Fluoride Action Network

Forum weighs pros, cons of water fluoridation

Source: The Eureka Reporter | January 23rd, 2008 | By CERENA JOHNSON

The question of whether to fluoridate Manila’s water supply was a hot topic of debate at the Manila Community Center Tuesday.

Measure B, before Manila voters on Feb. 5, is an advisory measure that asks voters whether they would like the Humboldt Bay Municipal Water District to add fluoride to their water if the district decides to implement fluoridation.

The forum, sponsored by the League of Women Voters, sought to inform the public of the pros and cons of community water fluoridation.

Speaking in support of the measure was Supervisor John Woolley and Steven Schonfeld, a periodontist. Brian Smith, a general/preventative dentist, and Mike Rademaker, who has worked as a research scientist and as an U.S. Environmental Protection Agency consultant, spoke in opposition to the measure.

Members of the audience were able to submit their questions on fluoride to the panel, which included everything from questions about the safety and regulation of fluoride to ethics, alternatives and dental hygiene education.

Each side was given equal amounts of time in which to respond.

One of first questions was about the history of water fluoridation.

Fluoride occurs naturally in most water.

According to the National Cancer Institute, in the 1940s, scientists discovered that people who lived where fluoride occurred naturally in drinking levels of approximately one part fluoride per million parts of water had fewer dental caries, or damage to the structure of the teeth, which includes cavities and tooth decay.

Grand Rapids, Mich. was the first U.S. city to implement water fluoridation in 1945.

In Humboldt County, the cities of Arcata and Eureka fluoridate their water.

Both Woolley and Rademaker agreed no determination has been made on legal basis of the fluoridation of water.

Woolley and Schonfeld said water fluoridation would be beneficial.

“It really comes down to the community being able to make the choice,” Woolley said.

Woolley said adding fluoride to water would be cost-effective, especially during a time when necessary social services are being cut.

The Centers for Disease Control lists water fluoridation among its top 10 public health accomplishments, Schonfeld said.

Among the agencies that advocate water fluoridation are the American Medical Association and the American Dental Association, he said.

“It is supported by many, many people,” he said.

Rademaker said new evidence is emerging indicating that fluoride is not safe, which may be a reflection of a paradigm shift, citing studies the Academy of Sciences, an EPA coalition and the journals Neurotoxicology and Environmental Health Perspectives.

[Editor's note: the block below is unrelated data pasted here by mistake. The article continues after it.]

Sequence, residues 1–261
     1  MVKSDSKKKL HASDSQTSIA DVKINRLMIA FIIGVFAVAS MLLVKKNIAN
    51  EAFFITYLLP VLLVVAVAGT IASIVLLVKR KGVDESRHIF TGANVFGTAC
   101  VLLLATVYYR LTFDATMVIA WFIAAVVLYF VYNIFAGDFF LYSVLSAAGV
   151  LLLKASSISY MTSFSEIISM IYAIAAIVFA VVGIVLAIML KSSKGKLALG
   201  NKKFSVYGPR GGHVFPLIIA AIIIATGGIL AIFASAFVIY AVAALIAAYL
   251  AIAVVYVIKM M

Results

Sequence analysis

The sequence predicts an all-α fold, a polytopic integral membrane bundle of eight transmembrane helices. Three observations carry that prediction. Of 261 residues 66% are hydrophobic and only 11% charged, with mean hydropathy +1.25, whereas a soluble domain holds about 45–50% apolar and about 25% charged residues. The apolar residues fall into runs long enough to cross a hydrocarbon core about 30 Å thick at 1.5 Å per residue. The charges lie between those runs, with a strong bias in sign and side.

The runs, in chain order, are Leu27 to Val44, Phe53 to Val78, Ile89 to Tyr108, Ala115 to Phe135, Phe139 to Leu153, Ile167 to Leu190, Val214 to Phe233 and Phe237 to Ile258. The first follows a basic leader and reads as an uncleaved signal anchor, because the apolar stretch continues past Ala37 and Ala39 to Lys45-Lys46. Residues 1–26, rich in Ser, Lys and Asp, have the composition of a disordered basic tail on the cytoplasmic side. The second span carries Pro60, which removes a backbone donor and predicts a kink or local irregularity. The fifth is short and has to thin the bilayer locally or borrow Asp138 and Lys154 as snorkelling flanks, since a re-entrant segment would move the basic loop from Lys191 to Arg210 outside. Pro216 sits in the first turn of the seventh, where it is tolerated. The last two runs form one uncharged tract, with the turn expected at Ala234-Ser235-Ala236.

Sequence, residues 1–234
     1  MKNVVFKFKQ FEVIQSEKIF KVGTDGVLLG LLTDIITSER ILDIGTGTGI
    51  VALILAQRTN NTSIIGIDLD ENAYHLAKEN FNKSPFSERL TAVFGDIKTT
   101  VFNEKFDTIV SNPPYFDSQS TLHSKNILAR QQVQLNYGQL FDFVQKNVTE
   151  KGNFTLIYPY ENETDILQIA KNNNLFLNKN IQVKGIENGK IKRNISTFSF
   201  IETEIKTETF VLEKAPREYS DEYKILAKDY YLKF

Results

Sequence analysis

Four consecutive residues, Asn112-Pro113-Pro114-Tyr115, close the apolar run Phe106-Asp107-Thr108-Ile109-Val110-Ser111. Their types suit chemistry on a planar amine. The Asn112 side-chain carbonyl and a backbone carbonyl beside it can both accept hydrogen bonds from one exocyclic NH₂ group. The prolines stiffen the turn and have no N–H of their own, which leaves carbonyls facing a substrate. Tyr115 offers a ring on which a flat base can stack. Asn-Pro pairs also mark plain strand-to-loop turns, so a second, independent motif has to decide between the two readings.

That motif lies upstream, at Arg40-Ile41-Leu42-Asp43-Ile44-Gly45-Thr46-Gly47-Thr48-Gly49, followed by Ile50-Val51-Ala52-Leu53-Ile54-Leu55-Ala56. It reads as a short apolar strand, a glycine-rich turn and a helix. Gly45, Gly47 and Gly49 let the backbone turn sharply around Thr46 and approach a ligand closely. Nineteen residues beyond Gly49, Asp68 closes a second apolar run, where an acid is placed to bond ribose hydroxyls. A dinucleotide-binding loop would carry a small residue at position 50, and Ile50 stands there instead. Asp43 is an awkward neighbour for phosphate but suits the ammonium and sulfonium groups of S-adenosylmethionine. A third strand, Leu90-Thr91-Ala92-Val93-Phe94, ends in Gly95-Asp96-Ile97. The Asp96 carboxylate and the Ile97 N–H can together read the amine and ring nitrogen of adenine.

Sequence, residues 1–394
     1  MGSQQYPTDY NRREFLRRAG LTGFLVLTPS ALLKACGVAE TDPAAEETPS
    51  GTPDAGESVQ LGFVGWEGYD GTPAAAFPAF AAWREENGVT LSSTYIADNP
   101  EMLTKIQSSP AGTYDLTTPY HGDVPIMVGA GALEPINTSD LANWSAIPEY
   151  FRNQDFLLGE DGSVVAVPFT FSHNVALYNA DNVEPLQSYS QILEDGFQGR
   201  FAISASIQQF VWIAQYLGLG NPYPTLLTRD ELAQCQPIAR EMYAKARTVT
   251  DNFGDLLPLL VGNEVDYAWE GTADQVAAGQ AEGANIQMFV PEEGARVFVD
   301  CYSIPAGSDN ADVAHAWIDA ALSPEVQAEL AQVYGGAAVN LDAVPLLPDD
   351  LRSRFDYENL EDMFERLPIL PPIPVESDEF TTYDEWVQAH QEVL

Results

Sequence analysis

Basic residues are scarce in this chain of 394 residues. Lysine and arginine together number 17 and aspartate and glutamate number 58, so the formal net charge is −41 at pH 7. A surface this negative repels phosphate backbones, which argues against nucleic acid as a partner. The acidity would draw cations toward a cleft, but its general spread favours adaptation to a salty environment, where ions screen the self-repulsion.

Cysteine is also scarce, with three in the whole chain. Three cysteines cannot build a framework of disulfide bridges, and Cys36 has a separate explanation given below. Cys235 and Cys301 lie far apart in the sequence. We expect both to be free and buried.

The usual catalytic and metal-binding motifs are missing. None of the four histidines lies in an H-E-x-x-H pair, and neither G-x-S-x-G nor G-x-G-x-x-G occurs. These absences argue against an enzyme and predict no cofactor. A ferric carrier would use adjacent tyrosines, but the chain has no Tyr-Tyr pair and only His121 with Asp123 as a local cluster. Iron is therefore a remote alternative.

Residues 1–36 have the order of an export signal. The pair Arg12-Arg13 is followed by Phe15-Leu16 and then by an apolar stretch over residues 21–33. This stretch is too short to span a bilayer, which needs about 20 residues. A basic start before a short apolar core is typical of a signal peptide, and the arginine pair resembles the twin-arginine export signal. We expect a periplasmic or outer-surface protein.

Smith said the ADA does not recommend children ages zero to one drink fluoridated water or ingest it through baby formula due to an increased risk of fluorosis, a tooth defect that affects the appearance of teeth.

In 1999, the CDC said fluoride is most effective when used topically, he said.

Rademaker noted studies displaying the affects of fluoride on IQ, bone fractures and the accumulation of fluoride within areas of the body over time, including the pineal gland, a producer of melatonin located in the brain.

“You really need to have an adequate margin of safety,” Rademaker said, when considering people’s varying sensitivities to fluoride and determining its level of safety.

Schonfeld discredited several of the studies.

“Scientists reach conclusions by weighing all of the evidence,” he said.

“Fluoride helps to prevent cavities. It does not cause harm.”

The one thing both dentists appeared to be in agreement on was the need for responsible dental hygiene and education.

The question of what possible alternatives to fluoride exist was also raised.

Smith said distillation, filtration and bottled water could be alternatives, though it was said bottled water may not be accessible to targeted populations.

It was noted that a majority of Western Europe does not fluoridate its water.

“We know that dental disease is epidemic,” Schonfeld said. “Humboldt County is the poster child for that community. This is a community where you need fluoridation.”

Woolley compared water fluoridation with the use of helmets, addition of Vitamin D to milk and folic acid to cereal.

“I still think that the benefits outweigh the risks,” he said.

Smith said he felt it should be the option of the consumer to choose whether they ingest fluoride in their water.

Fluoridated water doesn’t address access to dental care, he said.

“I really believe a person’s choice is a huge part of this,” Smith said.